Transclusion is pulling content dynamically from one page into another page. Rather than cutting and pasting text from one page to another, you create a pointer to the page you are borrowing from. That pointer is resolved at run time, pulling content from the other page when your page is loaded. Transclusion was a fundamental part of Ted Nelson’s original concept of hypertext. It has never caught on, except in specific confined circumstances. Despite continued interest, it isn’t going to catch on.
Sometimes microblogging questions require macroblogging answers. Here’s the conversation:
@arh: Did @hixie really call XML a “disaster”? Is #techcomm aware of this? http://html5doctor.com/interview-with-ian-hickson-html-editor/
@mbakeranalecta: @arh XML is a disaster. Bad implementation of an essential concept. So is QWERTY. So it goes.
@arh: @mbakeranalecta Generally agreed. What concerns me are the #techcomm folks who think XHTML is “the future”.
@mbakeranalecta: @arh If people don’t see the value in making content mutable and addressable, then presentation formats are all they care about.
“We are all publishers now” — It is one of the defining tropes of content strategy, spoken, in one form or another, by many of the pioneers of the field. So if when say, “We Are None of Us Publishers Anymore,” am I just being even more contrarian than usual?
Not really. Phrases like these are more about course correction than they are about defining the center line of a field. If you are heading into the ditch on the left side of the road, you need to make a turn to the right. But if you keep turning right, you will end up in the ditch on the right hand side of the road.
I recently wrote the following in a comment on Tom Johnson’s blog post What Tools Do Technical Writers Use:
That writers are still expected to do their own publishing strikes me as one of the tragedies of the profession, and a major part of why tech pubs does not get the respect it thinks it deserves in organizations. It is a big part of the reason that so many people still dismiss what tech pubs does as “making it pretty”.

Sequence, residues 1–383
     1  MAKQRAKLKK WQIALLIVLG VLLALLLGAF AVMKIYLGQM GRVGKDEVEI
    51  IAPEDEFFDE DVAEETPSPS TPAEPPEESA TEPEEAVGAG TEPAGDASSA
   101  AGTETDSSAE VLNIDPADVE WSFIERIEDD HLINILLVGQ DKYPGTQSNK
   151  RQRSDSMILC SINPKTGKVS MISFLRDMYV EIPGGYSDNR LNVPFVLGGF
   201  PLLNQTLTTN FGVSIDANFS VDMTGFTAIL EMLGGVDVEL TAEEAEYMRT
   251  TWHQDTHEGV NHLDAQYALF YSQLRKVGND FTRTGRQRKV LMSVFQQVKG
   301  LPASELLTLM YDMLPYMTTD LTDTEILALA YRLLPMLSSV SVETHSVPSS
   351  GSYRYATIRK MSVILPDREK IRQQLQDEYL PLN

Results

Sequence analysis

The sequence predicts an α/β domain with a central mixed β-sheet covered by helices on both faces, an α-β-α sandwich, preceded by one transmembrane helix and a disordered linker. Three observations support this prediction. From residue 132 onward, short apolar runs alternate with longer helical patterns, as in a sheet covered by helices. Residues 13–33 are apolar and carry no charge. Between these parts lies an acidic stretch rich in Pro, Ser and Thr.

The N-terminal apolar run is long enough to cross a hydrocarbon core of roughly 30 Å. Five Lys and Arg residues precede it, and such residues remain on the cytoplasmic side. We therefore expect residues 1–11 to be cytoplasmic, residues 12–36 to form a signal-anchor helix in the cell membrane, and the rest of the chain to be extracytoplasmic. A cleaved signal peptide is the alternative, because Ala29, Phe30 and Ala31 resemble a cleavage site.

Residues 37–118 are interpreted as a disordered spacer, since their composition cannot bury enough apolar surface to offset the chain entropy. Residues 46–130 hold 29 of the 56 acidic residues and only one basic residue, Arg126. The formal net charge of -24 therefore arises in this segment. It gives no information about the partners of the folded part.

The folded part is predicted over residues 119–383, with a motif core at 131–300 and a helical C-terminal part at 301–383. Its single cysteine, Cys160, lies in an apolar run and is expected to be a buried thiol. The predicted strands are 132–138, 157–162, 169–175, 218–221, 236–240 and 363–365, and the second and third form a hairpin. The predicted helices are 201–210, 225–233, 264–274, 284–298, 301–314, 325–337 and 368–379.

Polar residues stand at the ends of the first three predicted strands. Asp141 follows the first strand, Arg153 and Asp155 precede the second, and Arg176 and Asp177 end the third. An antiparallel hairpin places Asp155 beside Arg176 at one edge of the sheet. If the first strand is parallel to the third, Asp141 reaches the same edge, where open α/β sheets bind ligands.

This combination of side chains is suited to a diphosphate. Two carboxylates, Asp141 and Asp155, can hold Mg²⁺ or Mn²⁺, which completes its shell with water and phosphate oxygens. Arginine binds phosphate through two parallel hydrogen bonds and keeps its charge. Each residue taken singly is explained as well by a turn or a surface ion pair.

It was not the most deeply considered statement I have ever written, and when I read it over after having posted it, I rather wondered at the sentiment it expressed. Why exactly should engaging in publishing lose you respect? It’s not as if people universally lack respect for publishing. It’s not as if publishing is something akin to pyromania or politics, rightly despised by all. Yes, there is the “making it pretty” thing, but why exactly should the ability to make content pretty lose you respect? People are not generally opposed to pretty. They like pretty. They pay a lot of money for pretty.
What constitutes a “real” XML editor? The question is perennial, but is made topical by Tom Aldous’ surprisingly shrill defense of FrameMaker as an XML editor. It is unusual for a market-leading company to indulge in myth-busting aimed at tiny competitors. It is an approach more common to the small and desperate. But if we look past the oddness of Adobe employing this tactic, we see that the question of whether FrameMaker is a real XML editor, as with almost all debates about what makes a “real” anything, is not a debate about the product’s features, but a debate about what “real” means in the context.